itself in an almost compulsory manner. How so? What does the speculative development of Being (qua "object") to Being (qua "concept") mean? How does "Being" maintain itself as "presence" here? Why does the "thought" as speculative dialectic correspond to that? Looking back upon Hegel's discussion of "Being," it is necessary for the clarification of Heidegger's own path and for the understanding of his thinking to distinguish him from Hegel, not just by denying the similarity, but by trying to throw light on the reason for the illusion of that similarity.

Following these preliminary remarks about the seminar-its peculiar character, its intention, and the presupposed knowledge of metaphysics—we approached the lecture itself.

Its place within the whole of Heidegger's endeavors was made evident by a characterization of his path.

The lecture entitled "Time and Being" asks first about what is peculiar to Being, then about what is peculiar to time. It became clear that neither Being nor time is. Thus we reached the transition to the "It gives." The "It gives" was discussed first with regard to giving, then with regard to the It that gives. The It was interpreted as Appropriation. More succinctly formulated: The lecture goes from Being and Time past what is peculiar to "Time and Being" to the It that gives, and from this to Appropriation.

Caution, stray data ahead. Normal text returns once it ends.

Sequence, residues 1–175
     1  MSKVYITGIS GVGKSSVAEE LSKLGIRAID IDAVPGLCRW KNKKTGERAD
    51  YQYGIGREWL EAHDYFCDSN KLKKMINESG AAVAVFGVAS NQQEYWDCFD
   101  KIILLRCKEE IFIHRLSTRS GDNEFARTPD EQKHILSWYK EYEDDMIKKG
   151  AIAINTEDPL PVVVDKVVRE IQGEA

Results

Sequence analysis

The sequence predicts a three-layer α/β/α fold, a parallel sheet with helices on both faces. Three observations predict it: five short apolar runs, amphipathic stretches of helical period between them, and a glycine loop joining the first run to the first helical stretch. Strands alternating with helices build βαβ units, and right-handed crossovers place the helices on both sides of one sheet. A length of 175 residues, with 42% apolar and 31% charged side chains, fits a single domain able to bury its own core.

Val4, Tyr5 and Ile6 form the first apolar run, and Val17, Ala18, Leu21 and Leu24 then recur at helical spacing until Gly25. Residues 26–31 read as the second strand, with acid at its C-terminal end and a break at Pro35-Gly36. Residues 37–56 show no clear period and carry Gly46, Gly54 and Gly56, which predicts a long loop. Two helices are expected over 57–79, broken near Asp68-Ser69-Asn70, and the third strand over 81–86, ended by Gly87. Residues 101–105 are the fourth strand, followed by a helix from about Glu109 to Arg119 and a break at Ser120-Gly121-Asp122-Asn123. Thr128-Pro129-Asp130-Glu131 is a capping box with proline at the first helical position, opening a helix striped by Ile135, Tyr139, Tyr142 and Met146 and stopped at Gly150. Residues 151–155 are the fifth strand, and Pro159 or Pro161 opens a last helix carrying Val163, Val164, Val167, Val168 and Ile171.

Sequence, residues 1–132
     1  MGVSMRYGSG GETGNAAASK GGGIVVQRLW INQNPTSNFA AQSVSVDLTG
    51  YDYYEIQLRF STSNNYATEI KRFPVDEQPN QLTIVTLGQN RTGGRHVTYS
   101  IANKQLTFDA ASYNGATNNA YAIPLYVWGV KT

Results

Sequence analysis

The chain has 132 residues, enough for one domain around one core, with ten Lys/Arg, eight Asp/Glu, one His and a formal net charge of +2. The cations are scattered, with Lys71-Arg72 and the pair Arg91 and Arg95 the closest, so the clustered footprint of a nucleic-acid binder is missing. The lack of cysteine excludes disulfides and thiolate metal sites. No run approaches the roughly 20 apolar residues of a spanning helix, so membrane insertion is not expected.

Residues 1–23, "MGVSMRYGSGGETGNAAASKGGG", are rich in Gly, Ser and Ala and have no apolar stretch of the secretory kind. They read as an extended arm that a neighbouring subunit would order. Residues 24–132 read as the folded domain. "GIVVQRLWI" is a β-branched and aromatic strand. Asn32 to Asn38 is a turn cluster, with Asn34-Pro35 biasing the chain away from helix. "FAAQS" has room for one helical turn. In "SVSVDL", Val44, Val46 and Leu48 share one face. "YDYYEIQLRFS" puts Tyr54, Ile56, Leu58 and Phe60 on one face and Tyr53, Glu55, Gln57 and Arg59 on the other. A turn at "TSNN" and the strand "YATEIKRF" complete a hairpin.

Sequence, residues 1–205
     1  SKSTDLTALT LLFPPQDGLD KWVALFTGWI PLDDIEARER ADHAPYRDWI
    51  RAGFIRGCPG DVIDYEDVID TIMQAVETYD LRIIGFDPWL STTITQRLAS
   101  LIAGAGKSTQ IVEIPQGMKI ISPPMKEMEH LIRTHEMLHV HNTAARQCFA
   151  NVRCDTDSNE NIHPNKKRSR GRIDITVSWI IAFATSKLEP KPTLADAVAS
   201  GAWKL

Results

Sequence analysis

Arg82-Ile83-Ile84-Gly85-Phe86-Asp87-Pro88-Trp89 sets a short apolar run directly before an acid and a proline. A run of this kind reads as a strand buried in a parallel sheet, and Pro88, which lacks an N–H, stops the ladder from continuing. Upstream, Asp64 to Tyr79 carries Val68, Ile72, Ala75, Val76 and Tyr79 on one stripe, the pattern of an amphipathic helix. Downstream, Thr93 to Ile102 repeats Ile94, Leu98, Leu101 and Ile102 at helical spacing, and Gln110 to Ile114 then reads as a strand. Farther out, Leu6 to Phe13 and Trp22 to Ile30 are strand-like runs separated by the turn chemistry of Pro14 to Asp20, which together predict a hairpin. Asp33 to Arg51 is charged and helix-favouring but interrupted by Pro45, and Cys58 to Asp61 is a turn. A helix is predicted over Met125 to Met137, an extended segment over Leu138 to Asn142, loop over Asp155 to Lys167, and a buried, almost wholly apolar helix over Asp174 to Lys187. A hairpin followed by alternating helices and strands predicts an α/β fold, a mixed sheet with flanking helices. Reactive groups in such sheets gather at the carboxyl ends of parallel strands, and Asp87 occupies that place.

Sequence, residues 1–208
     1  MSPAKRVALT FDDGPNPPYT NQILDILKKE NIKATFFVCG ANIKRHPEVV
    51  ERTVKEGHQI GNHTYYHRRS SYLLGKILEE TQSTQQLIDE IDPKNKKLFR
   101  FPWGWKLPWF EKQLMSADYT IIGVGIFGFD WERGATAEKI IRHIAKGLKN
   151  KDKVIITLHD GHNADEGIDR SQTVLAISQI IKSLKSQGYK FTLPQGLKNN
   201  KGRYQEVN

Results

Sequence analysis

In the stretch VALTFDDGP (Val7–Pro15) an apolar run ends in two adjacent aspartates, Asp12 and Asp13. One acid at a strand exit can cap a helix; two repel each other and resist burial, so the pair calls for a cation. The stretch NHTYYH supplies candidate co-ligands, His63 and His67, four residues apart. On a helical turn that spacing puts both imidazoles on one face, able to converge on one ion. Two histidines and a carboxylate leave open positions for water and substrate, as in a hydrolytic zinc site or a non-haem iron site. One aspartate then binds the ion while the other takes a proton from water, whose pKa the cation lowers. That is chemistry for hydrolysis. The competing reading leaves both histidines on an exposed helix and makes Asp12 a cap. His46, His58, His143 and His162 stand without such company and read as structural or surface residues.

With the necessary caution, one could say that the lecture repeats the movement and the transformation of Heidegger's thinking in Being and Time to the later Saying of Appropriation. What happens in this movement? What does the transformation of questioning and answering which has occurred in Heidegger's thinking look like?

Being and Time is the attempt to interpret Being in terms of the transcendental horizon of time. What does "transcendental" mean here? It does not mean the objectivity of an object of experience as constituted in consciousness, but rather the realm of projection for the determination of Being, that is, presencing as such, caught sight of from the opening up of human being (Da-sein). In the lecture "Time and Being," the meaning of time, as yet unthought, which lies in Being as presencing, is anchored in a still more original

On Time and Being (GA 14) by Martin Heidegger